Now that campaign staffers are enjoying Presidents Day, it's a good time to reflect on how U.S. Senate candidates fared during the primary election.
Those candidates didn't need to file their year-end reports until Jan. 31, more than 10 days later than the rest of the statewide candidates. Now, we have information from Oct. 1 through mid-January for all of the major candidates.
And no one came out a bigger winner than Republican Senate hopeful Mark Kirk.
Kirk, a North Shore congressman who benefited from an early crowning as party favorite, raised $4.8 million through Jan. 13. He spent $1.7 million during the same period.
Kirk entered the general election with nearly $3.2 million cash on hand.
That last figure is going to make life difficult for Alexi Giannoulias, the Illinois treasurer who picked up the Democratic ticket.
Giannoulias raised $3.6 million through Jan. 13.
But during the same period he spent $2.6 million in a tough primary fight against David Hoffman.
That left him with $963,335 on hand.
The disparity between Kirk's leftover money and Giannoulias' means the Democrat will have a lot of catching up to do in the coming months, as he tries to outraise an intense Republican push to fill President Barack Obama's old seat with a member of the GOP.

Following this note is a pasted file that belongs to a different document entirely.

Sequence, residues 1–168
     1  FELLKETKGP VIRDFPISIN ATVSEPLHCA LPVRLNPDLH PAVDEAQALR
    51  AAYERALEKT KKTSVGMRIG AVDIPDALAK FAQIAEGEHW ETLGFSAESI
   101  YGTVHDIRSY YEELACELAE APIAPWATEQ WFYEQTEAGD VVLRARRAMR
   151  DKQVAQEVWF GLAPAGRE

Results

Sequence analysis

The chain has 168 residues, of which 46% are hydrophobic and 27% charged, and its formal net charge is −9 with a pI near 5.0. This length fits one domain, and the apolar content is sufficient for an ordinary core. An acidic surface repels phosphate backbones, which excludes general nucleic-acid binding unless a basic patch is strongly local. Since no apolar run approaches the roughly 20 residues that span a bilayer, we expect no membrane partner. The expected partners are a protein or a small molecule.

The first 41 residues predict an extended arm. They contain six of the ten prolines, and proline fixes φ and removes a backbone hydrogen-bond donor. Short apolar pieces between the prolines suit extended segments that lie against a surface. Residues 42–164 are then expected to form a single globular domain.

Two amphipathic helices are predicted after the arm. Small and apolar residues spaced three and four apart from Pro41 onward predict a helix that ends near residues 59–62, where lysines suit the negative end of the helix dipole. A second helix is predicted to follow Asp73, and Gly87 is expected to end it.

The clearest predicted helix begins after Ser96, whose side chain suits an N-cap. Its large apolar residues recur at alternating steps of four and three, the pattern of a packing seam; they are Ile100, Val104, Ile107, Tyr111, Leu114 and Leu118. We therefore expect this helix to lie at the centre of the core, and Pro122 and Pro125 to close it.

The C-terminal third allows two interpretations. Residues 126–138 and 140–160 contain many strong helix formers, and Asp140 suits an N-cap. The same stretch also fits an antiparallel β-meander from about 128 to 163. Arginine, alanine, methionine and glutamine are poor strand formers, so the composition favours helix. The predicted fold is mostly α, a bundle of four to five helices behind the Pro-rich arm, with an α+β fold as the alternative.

But Kirk will also need to get used to a real fight, given that Patrick Hughes, his opponent in the GOP primary, raised just $517,693 during the most recent reporting period.
Hughes spent $493,212. By Jan. 13, his campaign owed $247,000, a sum more than 10 times as large as his $22,561 leftover cash.
The winning Democrat faced a competitor with deeper pockets.
While Hoffman, Chicago's former inspector general, came up short against Giannoulias in the election, he raised $2.2 million through Jan. 13, spending $1.4 million. He owed $1 million by the end of that reporting period. The campaign had $738,930 on hand.
Hoffman was always well ahead of Democrat Cheryle Jackson in terms of fund raising, even when Jackson, the president of the Chicago Urban League, was ahead in polls.
She raised $717,782 through Jan. 13 and spent $530,973. By then, she had $176,006 left over, a nice bit of cash that likely helped her pay off a minor debt of $5,373.
Jacob Meister, the attorney who threw his support behind Alexi Giannoulias on the last weekend of the campaign, had heftier debt. He owed more than $1 million by Jan. 13, and apparently, he spent more than he raised: Meister's report shows a negative figure in the cash-on-hand column, $37,847.
He raised $1.6 million and spent $493,130 from Oct. 1 through Jan. 13.